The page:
Jing's Reviews > Salvage the Bones

Salvage the Bones by Jesmyn Ward
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it was ok

I started the book not impressed and ended the book not impressed. I wasn't blown away by Ward's writing, which I did not find poetic or beautiful (Kundera is my standard for breathtaking prose). However, the story line is solid and Ward tries to give an acute portrayal of the twelve days leading up to Katrina for the Batiste family.

There are many reasons this novel didn't work. For one, Ward fails in many key descriptions. While she can minutely detail the beauty of the woods, in other areas, such as when the house is filling with water and the Batiste family needs to jump branch to branch to get to another house, her scenic words leave me confused and bewildered. How is that even possible? Why did Esch's dad push her? How were they not sucked away by the swirling currents but saved by a random tree (why is the tree not uprooted and itself lost in the whirlpool)? Secondly, while the book is set in the modern era (2005), Ward writes in such a way that is reminiscent of older, bygone times. She uses language and imagery I can see in Uncle Tom's Cabin but I find hard to believe exists in our world today--particularly because she never provides the context and background that, as a reader, I need in order to situate and conceptualize myself in the work.

Lastly, the characters are so disappointing. As the main voice, Esch is a rather passive perspective. She sleeps with men she doesn't want to sleep with because it's easier to and she rarely shows her steely personality. It's incredibly hard for me to relate to Esch, despite her unrequited love, her coming of age, and her blossoming motherhood. She is a juxtaposition of contradictions: an incredibly smart, mature beyond her years tween reading Medea in her free time to a blundering, shifty, timid, and insecure child; I can't figure out who Esch is. This is in part to Ward's ill-advised use of Esch as the narrator--Esch is Ward's sole channel of expression but still has a character role to fulfill in the story. Randall and daddy Batiste aren't given much personality or focus and Junior is incredibly irritating, slightly twisted, and always lingering in the shadows. Either way, the only winner is Skeetah and China, and what Ward captures with these two is a wondrous love between man and dog that even Katrina can't destroy.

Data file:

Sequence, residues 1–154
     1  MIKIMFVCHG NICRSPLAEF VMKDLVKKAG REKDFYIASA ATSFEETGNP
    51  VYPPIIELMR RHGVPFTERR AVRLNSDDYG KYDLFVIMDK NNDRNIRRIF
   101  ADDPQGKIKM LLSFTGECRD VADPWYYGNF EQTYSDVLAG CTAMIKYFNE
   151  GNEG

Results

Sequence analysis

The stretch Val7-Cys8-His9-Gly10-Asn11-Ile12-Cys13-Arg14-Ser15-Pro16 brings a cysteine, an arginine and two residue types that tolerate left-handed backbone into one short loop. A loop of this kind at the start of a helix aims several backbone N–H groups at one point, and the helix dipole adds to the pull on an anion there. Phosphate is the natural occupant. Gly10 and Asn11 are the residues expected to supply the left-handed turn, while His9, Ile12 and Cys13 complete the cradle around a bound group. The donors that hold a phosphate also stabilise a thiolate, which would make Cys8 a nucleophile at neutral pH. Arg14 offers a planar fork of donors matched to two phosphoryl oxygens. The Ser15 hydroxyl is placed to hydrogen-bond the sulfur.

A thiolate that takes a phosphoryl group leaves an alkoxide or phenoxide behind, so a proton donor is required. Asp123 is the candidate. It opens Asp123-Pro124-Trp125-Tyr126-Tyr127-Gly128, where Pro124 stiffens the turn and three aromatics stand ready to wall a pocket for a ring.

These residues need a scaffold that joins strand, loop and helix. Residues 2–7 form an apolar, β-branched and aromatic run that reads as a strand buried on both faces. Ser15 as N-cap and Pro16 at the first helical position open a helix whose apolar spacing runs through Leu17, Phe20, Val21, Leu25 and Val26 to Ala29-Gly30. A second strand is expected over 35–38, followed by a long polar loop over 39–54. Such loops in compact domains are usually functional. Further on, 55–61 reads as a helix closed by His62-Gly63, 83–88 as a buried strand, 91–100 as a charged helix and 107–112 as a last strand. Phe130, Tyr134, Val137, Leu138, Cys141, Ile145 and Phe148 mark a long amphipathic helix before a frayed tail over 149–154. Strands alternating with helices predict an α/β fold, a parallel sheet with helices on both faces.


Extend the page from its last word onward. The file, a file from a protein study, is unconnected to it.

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Reading Progress

March 21, 2012 – Shelved
March 24, 2012 – Started Reading
March 24, 2012 –
page 58
22.22%
March 26, 2012 – Finished Reading

Comments Showing 1-11 of 11 (11 new)

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April Finally, someone else who wasn't impressed by what I found to be very mediocre, scattered writing.


Jenna Her Dad pushed her when he found out she was pregnant.


Claudette I agree with you. Although I found the book beautifully written, it didn't engage me as much as I felt it should.


Teresa It's true that the imagery is reminiscent of bygone times, but that's not because it's unrealistic, it's because there's poverty and segregation that exists in the south that many people don't even know still exists. The author grew up in a town much like the one she describes.


Alison Aren't most teen girls a "juxtaposition of contradictions"? I think that's why she's so believable.


Ellen B I found the characters confusing too. The descriptions were good, but something was still missing.


KC Girlfriends Book Club I didn't think that the characters were fully developed at all and felt that the author was writing in a different era but in modern times. I just don't think that the author gave enough description in order to make me feel one way or the other about the characters.


Jessica Not all trees get uprooted in a hurricane and there was no whirlpool, just flooding and wind.


Rachael Schuler I agree with you completely.


Jenel If you have ever been in a Hurricane or seen its immediate aftermath in person the scene in the tree makes perfect sense.


message 11: by Rita (new) - rated it 4 stars

Rita Jing, you would find it enlightening to read a number of other novels -- and memoirs -- written by African Americans. There are whole other social worlds out there that you are unfamiliar with, waiting for you to discover.


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